The Conundrum of Culture
Updated: Mar 8, 2022
As we read any business publication, watch TEDTALKS or listen to podcasts, it’s crystal clear the topic of company culture has moved to front and center in the past few years.
Since 2010, culture has become the most discussed talent issue, having risen topically by 12% annually in earnings calls (Gartner, 2017). Organizations are increasingly becoming acutely aware their reputation and brand often hinge on culture. David Cummings, Co-Founder of Pardo claims, “Corporate culture is the only sustainable competitive advantage that’s completely within the control of the entrepreneur.”
In a recent client strategy meeting, the financial gaps between current and future EBITDA were exposed relative to the desired growth curve. A portion of the day was allocated to discussing potential revenue streams to bridge the gap and feed the continued growth aspirations. It was energizing and opportunistic to see several viable ideas poured out with such passion.
While companies must obviously keep their eyes on the prize of financials, we can argue that culture – while it may not ever become the leading star of the show – is going to increasingly steal a great deal of the spotlight.
Simply put, culture is about how we show up at work and how we get stuff accomplished. Or in the words of Brian Chesky, Founder of Airbnb, “Culture is simply a way of doing something with a passion.”
Company Culture Gap Analysis
So, what’s the conundrum with culture? Unlike financial gap analysis, organizations may overlook addressing cultural gap analysis. We can’t just “choose” culture. However, we can work to get team members to demonstrate the behaviors that epitomize the desired culture. In a 2017 study by Brooks and Knight, they looked behind the culture curtain of 7500 companies. Their work revealed three states of behavior tied to culture. The findings give us strong clues about the gaps between each one:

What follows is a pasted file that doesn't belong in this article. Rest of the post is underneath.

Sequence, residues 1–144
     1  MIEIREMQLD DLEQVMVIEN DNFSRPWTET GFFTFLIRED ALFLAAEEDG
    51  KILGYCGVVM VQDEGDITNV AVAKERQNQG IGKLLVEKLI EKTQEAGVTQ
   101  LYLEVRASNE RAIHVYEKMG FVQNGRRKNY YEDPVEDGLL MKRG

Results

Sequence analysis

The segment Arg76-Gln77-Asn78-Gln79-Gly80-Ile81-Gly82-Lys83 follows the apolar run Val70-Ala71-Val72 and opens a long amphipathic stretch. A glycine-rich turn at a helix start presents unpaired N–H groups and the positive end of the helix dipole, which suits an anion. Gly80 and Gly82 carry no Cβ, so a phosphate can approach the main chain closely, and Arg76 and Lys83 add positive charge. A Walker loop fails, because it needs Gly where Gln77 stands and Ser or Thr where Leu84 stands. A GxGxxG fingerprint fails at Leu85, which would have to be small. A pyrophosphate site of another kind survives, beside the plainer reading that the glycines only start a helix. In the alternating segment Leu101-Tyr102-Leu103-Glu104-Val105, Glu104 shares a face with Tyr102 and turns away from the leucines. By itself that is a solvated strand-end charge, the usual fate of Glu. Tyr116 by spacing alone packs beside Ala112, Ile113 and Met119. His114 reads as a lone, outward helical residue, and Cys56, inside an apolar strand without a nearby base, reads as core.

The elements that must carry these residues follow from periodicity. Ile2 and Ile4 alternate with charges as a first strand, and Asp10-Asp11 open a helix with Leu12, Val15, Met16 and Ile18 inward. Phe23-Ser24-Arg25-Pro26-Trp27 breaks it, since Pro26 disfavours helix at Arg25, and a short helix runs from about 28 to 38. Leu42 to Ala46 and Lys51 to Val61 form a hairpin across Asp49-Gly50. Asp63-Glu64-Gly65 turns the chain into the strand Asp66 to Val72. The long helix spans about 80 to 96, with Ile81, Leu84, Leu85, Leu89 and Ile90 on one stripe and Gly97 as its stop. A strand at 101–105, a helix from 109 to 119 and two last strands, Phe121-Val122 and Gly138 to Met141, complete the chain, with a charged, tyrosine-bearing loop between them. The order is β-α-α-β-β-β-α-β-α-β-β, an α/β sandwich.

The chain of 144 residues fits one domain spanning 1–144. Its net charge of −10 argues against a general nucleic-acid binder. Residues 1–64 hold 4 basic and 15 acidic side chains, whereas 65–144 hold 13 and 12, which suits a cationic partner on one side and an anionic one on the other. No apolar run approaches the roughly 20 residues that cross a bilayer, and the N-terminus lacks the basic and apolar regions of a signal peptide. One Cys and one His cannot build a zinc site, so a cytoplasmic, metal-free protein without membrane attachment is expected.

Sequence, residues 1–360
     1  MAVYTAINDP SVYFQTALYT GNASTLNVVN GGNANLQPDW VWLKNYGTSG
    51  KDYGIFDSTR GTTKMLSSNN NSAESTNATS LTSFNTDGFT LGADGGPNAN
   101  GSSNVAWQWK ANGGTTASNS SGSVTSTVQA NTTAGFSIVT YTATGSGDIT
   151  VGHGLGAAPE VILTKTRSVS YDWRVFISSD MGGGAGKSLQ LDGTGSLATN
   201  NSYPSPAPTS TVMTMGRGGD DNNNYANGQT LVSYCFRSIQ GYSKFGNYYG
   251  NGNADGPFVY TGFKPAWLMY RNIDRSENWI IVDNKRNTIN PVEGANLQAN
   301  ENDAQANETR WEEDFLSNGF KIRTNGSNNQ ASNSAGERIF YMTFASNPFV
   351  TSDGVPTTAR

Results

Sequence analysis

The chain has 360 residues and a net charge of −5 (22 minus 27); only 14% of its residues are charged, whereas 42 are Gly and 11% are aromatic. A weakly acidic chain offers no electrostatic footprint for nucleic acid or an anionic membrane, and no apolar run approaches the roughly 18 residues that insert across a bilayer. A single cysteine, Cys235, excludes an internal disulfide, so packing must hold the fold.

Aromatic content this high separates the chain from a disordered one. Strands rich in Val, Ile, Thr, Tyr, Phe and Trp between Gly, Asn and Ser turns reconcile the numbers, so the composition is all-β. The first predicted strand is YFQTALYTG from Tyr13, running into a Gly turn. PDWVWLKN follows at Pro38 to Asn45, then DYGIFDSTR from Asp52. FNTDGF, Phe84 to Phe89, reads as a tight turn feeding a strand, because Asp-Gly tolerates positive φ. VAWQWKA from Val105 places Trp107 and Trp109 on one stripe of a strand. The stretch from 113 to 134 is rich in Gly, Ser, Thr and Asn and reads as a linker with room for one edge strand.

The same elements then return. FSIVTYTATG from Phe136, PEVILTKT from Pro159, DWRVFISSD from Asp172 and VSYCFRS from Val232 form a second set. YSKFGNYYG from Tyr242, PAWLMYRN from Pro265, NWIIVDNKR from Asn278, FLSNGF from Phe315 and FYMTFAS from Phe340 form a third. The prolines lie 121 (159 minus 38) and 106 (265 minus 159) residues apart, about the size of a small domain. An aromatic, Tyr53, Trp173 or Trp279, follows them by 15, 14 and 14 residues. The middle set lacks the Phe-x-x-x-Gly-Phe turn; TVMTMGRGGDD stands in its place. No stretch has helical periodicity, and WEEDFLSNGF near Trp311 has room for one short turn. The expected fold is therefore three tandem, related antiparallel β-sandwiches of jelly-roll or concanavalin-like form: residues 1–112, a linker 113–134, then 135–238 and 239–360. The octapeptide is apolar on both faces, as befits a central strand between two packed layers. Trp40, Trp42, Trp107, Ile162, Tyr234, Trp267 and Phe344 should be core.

1- What we say – Leaders communicate the importance of culture – 83% of leaders do this consistently;
2- What we do – Leaders’ behaviors are consistent with culture – 29% landed here; and,
3- How we operate – Culture is tied it into all processes – budgets, staffing, structure, policies – only 19% of employees drive culture to the operational level.
The study urges companies to remove the translation barrier for their team and themselves to ease tension. For example, if we have a different schedule for summer work hours as part of the bigger push toward work/life balance, does that mean we should leave at 3:00 to go spend time with our families, or work on the one critical project we’re trying to finish? The Gates Foundation has their teams define a framework of dos and don’ts for each core value aligned with the vision of how their team operates, allowing them to perform within any unique aspects of structure while preserving the overarching values. It also serves as a decision-making mechanism for high stakes moments of tension that may test alignment of culture.
Many organizations unquestionably have an enviable culture. However, with growth and scalability, it will become more critical for the culture to be further defined and actualized. This will mean bridging gaps between what is said and day-to-day moments of executional truth. It can be an opportunity to follow the philosophy of Nike as stated by Mark Parker, CEO, “We have a culture where are incredibly self-critical, we don’t get comfortable with our success.”
This can be the start in solving any challenge – even the conundrum of culture.